How the Man Who Found the Titanic Plans to Track Amelia Earhart

Amelia Earhart's lost plane has garnered international fame simply for being lost.
••• Hulton Archive/Archive Photos/GettyImages

Amelia Earhart's lost plane has garnered international fame simply for being lost – but Robert Ballard thinks he can change that.

Ballard, who found the Titanic on the Atlantic Ocean floor in 1985, is pioneering a fresh search for Earhart's aircraft, a Lockheed Electra 10E. His resume includes quite a few famously lost seacraft, including the Nazi battleship Bismark and 18 shipwrecks in the Black Sea, according to the New York Times.

A Lifelong Dream Realized

The New York Times reported that Ballard has always wanted a crack at finding Earhart's aircraft, which disappeared in 1937, but he worried his search would dry up, as so many have before him. However, a group of explorers a few years ago uncovered clues to the airplane's hiding place, compelling Ballard to finally kick off his long-awaited search.

National Geographic is sponsoring the expedition, which Ballard plans to begin in Kiribati, a Pacific island nation.

What Happened to Amelia

Earhart's disappearance story began on July 2, 1937, when she and navigator Fred Noonan aimed to fly to Howland Island from Lae, New Guinea, according to National Geographic. This trip would have marked the third-to-last leg of Earhart's attempt to fly around the Earth, but she and Noonan vanished without a trace after taking off from Lae – and no one ever found them.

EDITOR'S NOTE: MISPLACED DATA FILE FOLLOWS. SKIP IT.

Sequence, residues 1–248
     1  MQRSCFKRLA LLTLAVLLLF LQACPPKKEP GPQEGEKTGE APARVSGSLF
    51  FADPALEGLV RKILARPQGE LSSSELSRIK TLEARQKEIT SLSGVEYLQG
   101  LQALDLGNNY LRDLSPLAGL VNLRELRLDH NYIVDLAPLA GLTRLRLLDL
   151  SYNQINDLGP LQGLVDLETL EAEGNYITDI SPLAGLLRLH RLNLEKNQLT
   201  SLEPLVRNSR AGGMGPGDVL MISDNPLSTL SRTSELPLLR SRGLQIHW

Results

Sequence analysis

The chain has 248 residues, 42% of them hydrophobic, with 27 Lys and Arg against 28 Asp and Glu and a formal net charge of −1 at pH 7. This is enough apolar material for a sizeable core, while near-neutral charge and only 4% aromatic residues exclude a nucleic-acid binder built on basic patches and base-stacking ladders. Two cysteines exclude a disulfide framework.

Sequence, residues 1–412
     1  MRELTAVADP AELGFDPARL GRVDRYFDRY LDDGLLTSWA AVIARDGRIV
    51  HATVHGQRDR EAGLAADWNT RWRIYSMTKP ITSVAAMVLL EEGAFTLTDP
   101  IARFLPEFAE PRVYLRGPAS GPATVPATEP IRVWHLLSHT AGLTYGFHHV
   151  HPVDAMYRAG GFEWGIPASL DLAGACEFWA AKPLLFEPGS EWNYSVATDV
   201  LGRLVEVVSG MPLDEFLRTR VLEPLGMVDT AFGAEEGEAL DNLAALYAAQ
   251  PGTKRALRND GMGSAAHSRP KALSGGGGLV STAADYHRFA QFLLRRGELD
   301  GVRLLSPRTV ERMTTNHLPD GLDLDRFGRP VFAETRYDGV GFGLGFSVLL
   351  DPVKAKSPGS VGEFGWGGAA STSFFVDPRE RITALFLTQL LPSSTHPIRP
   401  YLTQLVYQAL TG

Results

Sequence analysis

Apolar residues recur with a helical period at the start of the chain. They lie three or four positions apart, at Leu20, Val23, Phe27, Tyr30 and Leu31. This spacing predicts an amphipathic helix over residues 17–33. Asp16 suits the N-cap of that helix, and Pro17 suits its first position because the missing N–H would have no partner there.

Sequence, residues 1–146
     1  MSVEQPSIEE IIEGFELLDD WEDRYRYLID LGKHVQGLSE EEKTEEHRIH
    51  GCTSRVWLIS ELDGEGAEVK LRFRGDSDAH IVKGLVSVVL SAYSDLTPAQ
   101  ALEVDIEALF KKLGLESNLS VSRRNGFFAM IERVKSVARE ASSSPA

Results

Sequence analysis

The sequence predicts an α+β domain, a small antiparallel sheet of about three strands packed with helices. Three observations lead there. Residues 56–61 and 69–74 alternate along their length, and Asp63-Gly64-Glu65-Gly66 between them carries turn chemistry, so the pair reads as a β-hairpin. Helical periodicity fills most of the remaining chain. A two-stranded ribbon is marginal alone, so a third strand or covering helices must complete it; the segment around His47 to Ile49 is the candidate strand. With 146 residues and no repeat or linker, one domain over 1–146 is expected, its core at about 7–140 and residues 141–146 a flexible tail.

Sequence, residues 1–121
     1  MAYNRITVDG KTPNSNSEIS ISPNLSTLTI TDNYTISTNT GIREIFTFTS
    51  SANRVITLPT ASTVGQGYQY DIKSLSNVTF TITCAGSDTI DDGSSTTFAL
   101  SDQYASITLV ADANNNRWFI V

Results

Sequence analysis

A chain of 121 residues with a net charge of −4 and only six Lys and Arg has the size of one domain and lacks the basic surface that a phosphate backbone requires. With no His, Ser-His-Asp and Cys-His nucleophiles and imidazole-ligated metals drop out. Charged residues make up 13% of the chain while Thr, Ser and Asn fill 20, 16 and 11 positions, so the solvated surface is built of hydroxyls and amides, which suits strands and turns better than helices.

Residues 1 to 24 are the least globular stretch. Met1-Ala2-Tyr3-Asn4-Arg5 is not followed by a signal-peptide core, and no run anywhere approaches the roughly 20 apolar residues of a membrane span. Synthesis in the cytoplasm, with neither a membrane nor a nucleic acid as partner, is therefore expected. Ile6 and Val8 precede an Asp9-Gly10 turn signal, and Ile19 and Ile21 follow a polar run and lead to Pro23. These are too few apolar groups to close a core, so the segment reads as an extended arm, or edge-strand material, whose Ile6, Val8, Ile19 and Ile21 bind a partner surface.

Theories illustrating the story behind their disappearance abound.

"Some of them are a little wild," Ballard told National Geographic. Some theories say Earhart and Noonan wound up in the Marshall Islands. Others say Saipan, or even New Jersey. Some people think the plane never landed, and instead crashed and sank into the ocean.

"We're going with the one that she actually landed," Ballard said.

Ballard's Search Plan

Ballard is basing his expedition on a theory investigated by The International Group for Historic Aircraft Recovery (TIGHAR), according to People. This theory hinges on Earhart's final recognizable radio transmissions, which said her plane was flying northwest to southeast on a navigational line bisecting Howland Island.

Nikumaroro lies southeast of Howland Island, while there's nothing northwest of the island but open waters. TIGHAR has investigated Nikumaroro 13 times to find the aircraft, but Ballard plans to conduct the search again with more advanced technological tools.

Ballard's ship is equipped with "a multi-beam sonar on the hull, two [remotely operated vehicles (ROVs)] with high-definition cameras, an autonomous surface vehicle (ASV), and multiple drones," according to National Geographic. Ballard claims that everything he's ever found was found visually, with ROV pilots patrolling the seascape in four-hour shifts "looking for colors that aren't natural to the background."

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